Chocolate milk -- not just a snack anymore.
A new program by the Dairy Farmers of Manitoba called Powered By Chocolate Milk extols the virtues of chocolate milk as the perfect sports-recovery beverage -- packed with natural nutrition.
"As a sport-recovery drink, it's extra simple sugar, which is what you want for recovery. You want fast-acting sugar that's going to immediately help restore the glycogen, or the sugar that you would have used up that was stored in the muscle," said Jorie Janzen, the Canadian Sport Centre Manitoba's director of sports dietetics. Janzen is also the nutrition consultant for the Winnipeg Jets and the nutritionist for the Royal Winnipeg Ballet School.
"After a game, after a hard training, after a practice, you want to be able to restore that as quickly as possible. Chocolate milk has that simple sugar, that typically for an average diet, you want to limit, but for immediate recovery, it's a good source."
Throwing a candy bar or jelly beans down the hatch will cover the simple sugar requirement, but they're also laden with fat and void of any nutritional value.
"With the chocolate milk you are getting the simple sugar, but you are also getting protein, vitamin D, calcium, vitamin B12. You are getting all these other nutrients that you wouldn't get in other simple sugars, so chocolate milk is kind of like the all-in-one," Janzen said.
And it's a moo-vement catching on around town.
Two local athletes have joined forces with the Powered By Chocolate Milk program as ambassadors to reach amateur athletes -- both kids and grown-ups -- spreading the message about the natural and nutritious alternative to sports drinks.
Leah Kirchmann, a member of the Canadian National Cycling Team and professional racing cyclist, and D.J. Lalama, a linebacker with the University of Manitoba Bisons football team and a trainer at Elite Fitness, both compete at elite levels and practise what they preach regarding healthy choices.
"Working and training out of Elite High Performance, a healthy lifestyle and proper nutrition is what I do and what I teach others," Lalama said. "Chocolate milk is convenient, it's got all the nutrients you need after a workout all bottled up into one liquid. It has protein equivalent to a protein shake, which is also central to rebuilding and the maturation of muscle, and it has some fat. You can't burn fat unless you have some fat in you."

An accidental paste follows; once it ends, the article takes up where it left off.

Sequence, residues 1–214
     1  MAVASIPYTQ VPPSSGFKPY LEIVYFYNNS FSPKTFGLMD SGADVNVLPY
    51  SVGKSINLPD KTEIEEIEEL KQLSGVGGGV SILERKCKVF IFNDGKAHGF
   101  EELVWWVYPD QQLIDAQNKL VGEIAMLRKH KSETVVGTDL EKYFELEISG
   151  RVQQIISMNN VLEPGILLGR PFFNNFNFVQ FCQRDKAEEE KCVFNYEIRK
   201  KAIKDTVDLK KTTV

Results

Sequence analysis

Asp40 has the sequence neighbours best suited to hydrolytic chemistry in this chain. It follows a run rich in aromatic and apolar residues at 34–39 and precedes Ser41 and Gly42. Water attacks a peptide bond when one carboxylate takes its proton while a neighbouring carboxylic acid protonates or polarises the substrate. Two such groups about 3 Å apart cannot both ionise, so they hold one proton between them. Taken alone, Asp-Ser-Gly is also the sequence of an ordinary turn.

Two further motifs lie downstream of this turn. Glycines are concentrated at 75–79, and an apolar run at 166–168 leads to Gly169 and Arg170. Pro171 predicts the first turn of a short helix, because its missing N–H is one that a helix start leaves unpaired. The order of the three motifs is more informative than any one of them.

Janzen said most chocolate milk is a one per cent milk, which means it is considered low in fat. What separates it from plain one per cent milk is the sugar content from the chocolate.
She said parents should still consider plain milk as the best choice for the rest of the day.
"But when it comes to high activity and kids need extra calories or extra fuel, or even if you are looking at it from an adult's perspective or in amateur sport, you want to get that extra (sugar) in," Janzen said.
Lalama chooses chocolate milk after training or exercising because of its complex blend of nutrients, he said.
"The perfect time frame is 15 to 30 minutes post-workout, and that's when you should have these extra carbs, which a lot of parents do shy away from. But these are actually important and need to be replenished immediately after your workout," Lalama said.
"Would I be saying have a glass of chocolate milk before bed? No. But a glass of chocolate milk is ideal for post-workout. A protein shake is great, but it isn't real food. Milk is food... and it's not processed. It's a natural liquid you can put into your system."
As a student athlete with football practice, studies, off-field workouts and his job as a trainer, his days can start at 5 a.m. and last until 10 p.m.
"If your body doesn't have the proper nutrients, you're not going to have the proper energy to do what you need to do. If you have a goal, you have to eat right to get there," he said.
Janzen said plain milk and fruit can also be combined as an excellent post-workout recovery snack, but chocolate milk has similar nutrients in a portable container.
"You can get that right away and move on to the next activity, or if you have to run some errands before getting home and having that next meal," she said. "Most kids like it, and if they like it, they're going to consume it so the parents can be happy their child is getting good quality nutrition and the child is happy because it tastes good."
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